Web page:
You are reading 1 of 2 free-access articles allowed for 30 days
The Covid-19 pandemic has stalled efforts to develop a national action plan to address the “unacceptable” level of human verocytotoxin-producing Escherichia coli (VTEC) infection in Ireland.
In 2019, the Department of Agriculture, Food and Marine (DAFM) termed the level of human VTEC infection “unacceptable” and warned that “a large outbreak in the future is a real threat”. In a briefing note shared with the Department of Health, the DAFM said a Government-wide approach was needed to make “meaningful progress in addressing this public health threat”.
Last month, Public Health Mid-West highlighted the importance of strong hand hygiene and effective well water treatment following a VTEC outbreak among young children in a single setting.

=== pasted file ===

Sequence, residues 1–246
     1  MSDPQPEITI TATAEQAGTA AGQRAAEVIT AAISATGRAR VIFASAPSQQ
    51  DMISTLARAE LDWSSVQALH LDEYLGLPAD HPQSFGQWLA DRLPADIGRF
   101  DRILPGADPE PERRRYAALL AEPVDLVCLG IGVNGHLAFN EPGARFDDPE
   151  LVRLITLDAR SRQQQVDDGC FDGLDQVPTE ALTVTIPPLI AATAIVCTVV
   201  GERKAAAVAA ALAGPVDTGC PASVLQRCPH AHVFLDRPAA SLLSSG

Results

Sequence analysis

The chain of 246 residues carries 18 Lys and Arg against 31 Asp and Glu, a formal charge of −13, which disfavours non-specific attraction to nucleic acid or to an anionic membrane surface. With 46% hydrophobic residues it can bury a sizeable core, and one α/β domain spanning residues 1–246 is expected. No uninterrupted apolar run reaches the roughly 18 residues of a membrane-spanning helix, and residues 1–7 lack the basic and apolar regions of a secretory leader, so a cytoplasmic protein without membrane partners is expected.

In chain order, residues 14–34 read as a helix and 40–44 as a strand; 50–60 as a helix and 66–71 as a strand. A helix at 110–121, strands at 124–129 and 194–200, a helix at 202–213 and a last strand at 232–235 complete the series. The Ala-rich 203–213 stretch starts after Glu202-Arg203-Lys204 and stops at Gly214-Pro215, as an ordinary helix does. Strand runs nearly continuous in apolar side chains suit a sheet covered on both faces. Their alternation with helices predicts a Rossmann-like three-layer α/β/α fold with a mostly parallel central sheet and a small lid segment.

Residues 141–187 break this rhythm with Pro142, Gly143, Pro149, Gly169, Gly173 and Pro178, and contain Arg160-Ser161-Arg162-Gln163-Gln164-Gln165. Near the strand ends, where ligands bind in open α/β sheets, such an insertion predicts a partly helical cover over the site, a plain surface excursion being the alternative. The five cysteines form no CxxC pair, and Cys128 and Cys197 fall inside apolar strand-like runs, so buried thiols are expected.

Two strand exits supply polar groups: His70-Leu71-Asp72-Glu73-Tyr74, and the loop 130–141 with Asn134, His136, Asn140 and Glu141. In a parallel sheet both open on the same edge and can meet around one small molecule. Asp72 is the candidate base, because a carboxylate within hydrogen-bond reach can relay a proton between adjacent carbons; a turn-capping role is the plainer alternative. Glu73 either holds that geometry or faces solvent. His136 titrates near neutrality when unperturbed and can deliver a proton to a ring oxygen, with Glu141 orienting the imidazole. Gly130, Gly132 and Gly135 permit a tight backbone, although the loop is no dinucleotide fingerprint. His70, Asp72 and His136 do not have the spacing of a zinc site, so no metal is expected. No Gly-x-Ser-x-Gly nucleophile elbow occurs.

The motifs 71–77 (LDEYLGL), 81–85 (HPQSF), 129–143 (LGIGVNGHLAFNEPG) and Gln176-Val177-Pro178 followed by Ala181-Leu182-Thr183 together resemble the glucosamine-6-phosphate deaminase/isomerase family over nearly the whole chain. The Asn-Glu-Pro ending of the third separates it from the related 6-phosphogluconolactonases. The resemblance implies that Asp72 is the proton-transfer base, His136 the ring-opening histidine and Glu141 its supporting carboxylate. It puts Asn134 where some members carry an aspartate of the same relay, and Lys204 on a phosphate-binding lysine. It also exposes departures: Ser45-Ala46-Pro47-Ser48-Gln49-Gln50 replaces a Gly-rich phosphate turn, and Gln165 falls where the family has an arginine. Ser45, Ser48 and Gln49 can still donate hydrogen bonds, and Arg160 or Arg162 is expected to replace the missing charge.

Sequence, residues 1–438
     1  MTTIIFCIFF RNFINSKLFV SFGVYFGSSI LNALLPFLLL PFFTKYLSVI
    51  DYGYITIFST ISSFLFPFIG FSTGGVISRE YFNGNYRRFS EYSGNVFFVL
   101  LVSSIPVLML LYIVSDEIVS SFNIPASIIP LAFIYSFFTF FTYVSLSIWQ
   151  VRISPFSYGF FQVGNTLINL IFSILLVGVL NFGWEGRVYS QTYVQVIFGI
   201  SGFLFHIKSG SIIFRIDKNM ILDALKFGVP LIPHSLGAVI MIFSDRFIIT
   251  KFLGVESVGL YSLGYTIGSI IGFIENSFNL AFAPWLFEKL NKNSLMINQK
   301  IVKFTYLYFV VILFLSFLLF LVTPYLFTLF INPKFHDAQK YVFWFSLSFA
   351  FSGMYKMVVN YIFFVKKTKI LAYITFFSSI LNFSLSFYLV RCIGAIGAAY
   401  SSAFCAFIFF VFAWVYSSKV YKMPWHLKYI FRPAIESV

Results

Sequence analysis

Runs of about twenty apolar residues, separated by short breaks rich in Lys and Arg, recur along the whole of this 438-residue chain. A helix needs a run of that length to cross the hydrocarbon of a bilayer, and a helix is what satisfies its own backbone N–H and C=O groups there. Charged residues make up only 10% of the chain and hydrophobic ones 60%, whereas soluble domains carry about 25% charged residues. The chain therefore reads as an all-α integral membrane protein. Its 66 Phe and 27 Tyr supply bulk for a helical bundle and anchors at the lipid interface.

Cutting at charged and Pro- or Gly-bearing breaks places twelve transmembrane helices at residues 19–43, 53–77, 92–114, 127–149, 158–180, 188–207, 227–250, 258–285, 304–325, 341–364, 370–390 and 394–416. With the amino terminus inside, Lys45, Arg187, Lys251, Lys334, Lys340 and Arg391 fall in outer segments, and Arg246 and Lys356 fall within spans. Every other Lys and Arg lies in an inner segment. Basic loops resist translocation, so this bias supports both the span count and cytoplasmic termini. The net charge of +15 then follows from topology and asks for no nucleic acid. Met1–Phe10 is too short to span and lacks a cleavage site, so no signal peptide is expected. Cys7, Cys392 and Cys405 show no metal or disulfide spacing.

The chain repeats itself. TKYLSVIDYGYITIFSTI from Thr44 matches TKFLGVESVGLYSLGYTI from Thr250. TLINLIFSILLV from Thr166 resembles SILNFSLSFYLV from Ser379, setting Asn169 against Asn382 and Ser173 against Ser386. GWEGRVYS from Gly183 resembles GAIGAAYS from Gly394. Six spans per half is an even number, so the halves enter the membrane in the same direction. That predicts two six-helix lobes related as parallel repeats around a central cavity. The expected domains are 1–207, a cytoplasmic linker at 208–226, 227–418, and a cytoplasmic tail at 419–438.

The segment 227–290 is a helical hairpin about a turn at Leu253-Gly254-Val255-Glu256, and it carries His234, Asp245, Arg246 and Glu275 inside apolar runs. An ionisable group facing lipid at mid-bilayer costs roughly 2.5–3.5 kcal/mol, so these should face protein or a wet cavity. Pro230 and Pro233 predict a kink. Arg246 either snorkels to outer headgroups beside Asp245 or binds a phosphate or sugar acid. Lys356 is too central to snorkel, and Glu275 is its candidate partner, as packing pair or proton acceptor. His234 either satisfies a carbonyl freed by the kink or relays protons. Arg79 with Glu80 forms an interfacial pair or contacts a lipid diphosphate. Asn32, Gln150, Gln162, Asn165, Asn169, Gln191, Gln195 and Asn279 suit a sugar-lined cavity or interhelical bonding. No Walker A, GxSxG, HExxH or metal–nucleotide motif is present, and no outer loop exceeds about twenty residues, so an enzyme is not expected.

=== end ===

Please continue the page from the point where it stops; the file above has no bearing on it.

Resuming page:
Dr Rose Fitzgerald, Specialist in Public Health Medicine at Public Health Mid-West, said Ireland had one of the highest incidence rates of VTEC in Europe, with the mid-west having one of the highest incidence rates in the country.
A DAFM spokesperson said an inter-agency workshop on VTEC, planned for early 2020, was cancelled due to the pandemic. The workshop was intended to begin the process of formulating a national action plan.
It may be rescheduled towards the end of 2021.
While VTEC infection is usually uncomplicated, it can cause haemolytic uraemic syndrome (HUS) in 5-to-10 per cent of cases and lead to kidney failure. Five per cent of people who develop HUS may die.
Nationally there were 878 VTEC notifications in 2019, compared with 1,113 in 2018, according to provisional data from the Health Protection Surveillance Centre.